All people require a balanced diet to maintain good health. This is a combination of:

  • Protein;
  • Carbohydrates;
  • Minerals;
  • Vitamins;
  • Fats;
  • Fluids (Pearson, 2008).

There is limited research on nutrition and stomas, although the diet following bowel surgery has changed. Historically, food was withheld until bowel sounds returned, due to a perceived risk of vomiting or leakage of bowel anastomosis. However, these are rarely the case and withholding nutrition can impede recovery (Kehlet and Dahl, 2003).

Proteins: These are necessary for growth and repair of tissues. Foods that contain proteins include meat, fish and beans.

Carbohydrates: These are the main source of energy. A subgroup is starch and includes potatoes and rice. Another is fibre/roughage. Fibre helps to bulk the body’s waste (Borwell, 2005). Sugar is a carbohydrate and provides energy but not nutrition.

Minerals: Most foods contain minerals. For example, iron is found in liver and dark green vegetables. Calcium is required to build bones and teeth and is found in milk and hard cheese. Other minerals include sodium, potassium and magnesium.

Vitamins: There are many vitamins, which are either fat or water-soluble. Vitamins A, D, E and K are fat-soluble and often found in fatty foods; excess may be stored in the liver. Vitamin A is used for bones, sight and skin and is found in dark green vegetables. Vitamin D is necessary for bones and teeth and can be produced by the body from direct sunlight on the skin. Vitamin E is found in various foods including soya, olive oil, nuts and seeds. Vitamin K is made by gut bacteria and is also available from foods including spinach.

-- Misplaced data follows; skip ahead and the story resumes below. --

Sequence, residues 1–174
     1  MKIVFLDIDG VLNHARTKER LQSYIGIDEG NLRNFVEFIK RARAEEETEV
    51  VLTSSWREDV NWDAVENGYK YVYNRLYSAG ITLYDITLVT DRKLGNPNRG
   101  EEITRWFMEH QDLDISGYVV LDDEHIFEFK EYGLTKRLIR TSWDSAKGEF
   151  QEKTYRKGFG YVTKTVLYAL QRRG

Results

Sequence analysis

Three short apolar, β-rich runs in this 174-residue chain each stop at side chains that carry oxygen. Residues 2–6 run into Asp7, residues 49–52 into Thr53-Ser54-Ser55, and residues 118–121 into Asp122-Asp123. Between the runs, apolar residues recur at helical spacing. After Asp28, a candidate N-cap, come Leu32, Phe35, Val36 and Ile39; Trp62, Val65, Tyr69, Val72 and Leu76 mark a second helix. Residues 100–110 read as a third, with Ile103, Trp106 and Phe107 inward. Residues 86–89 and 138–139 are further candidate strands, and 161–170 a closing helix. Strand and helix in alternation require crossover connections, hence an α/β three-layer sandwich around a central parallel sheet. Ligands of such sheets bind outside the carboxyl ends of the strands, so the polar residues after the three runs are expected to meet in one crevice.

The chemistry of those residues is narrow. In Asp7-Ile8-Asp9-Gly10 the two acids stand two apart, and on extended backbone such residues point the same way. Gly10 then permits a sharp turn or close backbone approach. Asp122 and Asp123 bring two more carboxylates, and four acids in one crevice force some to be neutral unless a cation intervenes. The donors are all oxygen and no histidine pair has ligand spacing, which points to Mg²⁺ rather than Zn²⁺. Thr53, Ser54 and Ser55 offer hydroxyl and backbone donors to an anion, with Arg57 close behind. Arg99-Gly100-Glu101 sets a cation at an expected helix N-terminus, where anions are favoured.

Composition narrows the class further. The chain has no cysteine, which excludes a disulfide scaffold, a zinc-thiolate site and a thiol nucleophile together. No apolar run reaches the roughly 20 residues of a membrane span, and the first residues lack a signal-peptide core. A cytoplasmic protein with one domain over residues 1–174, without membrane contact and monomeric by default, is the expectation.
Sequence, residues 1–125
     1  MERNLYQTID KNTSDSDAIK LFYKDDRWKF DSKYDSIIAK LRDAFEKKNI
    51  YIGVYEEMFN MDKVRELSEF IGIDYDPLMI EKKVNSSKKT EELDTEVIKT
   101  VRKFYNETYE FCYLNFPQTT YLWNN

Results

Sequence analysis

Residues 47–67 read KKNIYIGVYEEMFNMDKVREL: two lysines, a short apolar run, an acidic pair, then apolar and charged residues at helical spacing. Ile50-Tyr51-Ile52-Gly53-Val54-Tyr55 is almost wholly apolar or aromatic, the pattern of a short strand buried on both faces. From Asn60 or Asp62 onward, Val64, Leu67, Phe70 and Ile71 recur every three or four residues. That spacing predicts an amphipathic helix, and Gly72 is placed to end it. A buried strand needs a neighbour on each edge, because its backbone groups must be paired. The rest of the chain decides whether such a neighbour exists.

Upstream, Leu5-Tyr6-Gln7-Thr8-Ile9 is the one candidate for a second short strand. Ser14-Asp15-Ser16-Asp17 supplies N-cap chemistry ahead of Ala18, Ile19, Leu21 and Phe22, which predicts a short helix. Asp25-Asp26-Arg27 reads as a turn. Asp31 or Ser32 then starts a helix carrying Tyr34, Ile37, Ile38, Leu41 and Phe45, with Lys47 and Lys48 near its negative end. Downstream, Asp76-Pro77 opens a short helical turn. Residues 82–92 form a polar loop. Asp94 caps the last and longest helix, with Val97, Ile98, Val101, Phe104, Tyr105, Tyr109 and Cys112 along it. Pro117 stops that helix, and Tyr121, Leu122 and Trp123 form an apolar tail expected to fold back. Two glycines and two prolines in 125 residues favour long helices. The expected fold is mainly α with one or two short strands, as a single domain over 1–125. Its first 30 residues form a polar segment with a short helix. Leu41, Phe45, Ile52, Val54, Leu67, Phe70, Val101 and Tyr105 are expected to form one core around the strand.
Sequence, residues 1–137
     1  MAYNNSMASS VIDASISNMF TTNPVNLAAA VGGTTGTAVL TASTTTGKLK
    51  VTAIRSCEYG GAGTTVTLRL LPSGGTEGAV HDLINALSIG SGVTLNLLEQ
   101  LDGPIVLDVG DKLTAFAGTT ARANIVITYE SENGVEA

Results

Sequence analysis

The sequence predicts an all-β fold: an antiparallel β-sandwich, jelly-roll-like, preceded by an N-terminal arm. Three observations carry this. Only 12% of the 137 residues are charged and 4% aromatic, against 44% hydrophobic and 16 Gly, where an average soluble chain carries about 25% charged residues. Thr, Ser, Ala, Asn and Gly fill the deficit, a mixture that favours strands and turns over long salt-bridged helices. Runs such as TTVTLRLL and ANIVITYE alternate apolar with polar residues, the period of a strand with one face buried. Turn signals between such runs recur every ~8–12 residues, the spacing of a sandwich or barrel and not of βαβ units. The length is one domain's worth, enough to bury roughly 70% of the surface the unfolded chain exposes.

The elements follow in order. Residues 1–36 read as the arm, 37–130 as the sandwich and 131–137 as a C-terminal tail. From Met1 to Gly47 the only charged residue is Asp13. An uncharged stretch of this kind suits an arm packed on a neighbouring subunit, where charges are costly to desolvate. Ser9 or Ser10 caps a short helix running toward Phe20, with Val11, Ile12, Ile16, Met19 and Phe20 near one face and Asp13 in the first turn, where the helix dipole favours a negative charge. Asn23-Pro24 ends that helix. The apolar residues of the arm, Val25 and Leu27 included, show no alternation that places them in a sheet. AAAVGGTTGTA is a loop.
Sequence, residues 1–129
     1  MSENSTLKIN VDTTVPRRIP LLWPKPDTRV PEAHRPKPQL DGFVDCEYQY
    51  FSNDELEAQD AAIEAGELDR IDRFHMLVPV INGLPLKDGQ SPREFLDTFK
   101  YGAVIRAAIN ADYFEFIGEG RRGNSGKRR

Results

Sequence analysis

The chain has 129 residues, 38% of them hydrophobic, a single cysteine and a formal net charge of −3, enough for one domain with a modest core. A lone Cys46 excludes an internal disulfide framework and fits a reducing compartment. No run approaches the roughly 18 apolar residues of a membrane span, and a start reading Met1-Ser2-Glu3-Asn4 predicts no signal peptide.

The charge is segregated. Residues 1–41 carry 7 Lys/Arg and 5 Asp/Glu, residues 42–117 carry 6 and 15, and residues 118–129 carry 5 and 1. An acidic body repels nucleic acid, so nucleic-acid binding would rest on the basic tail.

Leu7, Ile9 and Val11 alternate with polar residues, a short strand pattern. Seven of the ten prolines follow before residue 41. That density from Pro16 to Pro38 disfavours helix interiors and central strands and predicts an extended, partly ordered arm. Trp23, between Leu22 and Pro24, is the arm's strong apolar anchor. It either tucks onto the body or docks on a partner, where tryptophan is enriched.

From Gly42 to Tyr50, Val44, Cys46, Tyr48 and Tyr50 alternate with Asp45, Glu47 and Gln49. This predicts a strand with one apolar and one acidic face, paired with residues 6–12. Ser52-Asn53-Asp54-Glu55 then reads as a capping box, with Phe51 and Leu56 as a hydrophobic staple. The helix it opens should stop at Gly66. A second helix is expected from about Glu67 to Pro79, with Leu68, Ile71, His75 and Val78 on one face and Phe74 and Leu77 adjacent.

Water-soluble vitamins include the B vitamins and vitamin C. B vitamins are used to maintain skin and the nervous system. Vitamin C is required for healthy gums and is found in fruit and vegetables.

Fats: Fats and oils are concentrated energy sources and some dietary fat is essential. Fats can be saturated or unsaturated. Saturated fats should be consumed with caution.

Fluids: Adequate fluids are needed to maintain health (about 2L daily). Alcohol can be consumed in moderation.

Gastrointestinal absorption
Nutrients must be absorbed in order to be effective. Some are absorbed in specific areas, such as vitamin B12 in the terminal ileum, but most are absorbed in the jejunum. A person with an ileostomy can live a healthy life without a colon, which absorbs fluid and sodium (Fulham, 2008). The gastrointestinal tract is very efficient at absorption and able to cope with 2L of oral fluids and 7-9L of secretions from the stomach and gall bladder.

Key references

Borwell, B. (2005) Dietary considerations following stoma surgery. In: Breckman, B. (ed) Stoma Care and Rehabilitation. London: Elsevier Churchill Livingstone.

Burch, J. (2008a) Stomas - the past, present and future. In: Burch, J. (ed) Stoma Care. West Sussex: Wiley-Blackwell.

Cronin, E. (2008) Colostomies and the use of colostomy appliances. British Journal of Nursing ; 17: 17, S12-S19.

Fulham, J. (2008) Providing dietary advice for the individual with a stoma. British Journal of Nursing ; 17: 2, S22-S27.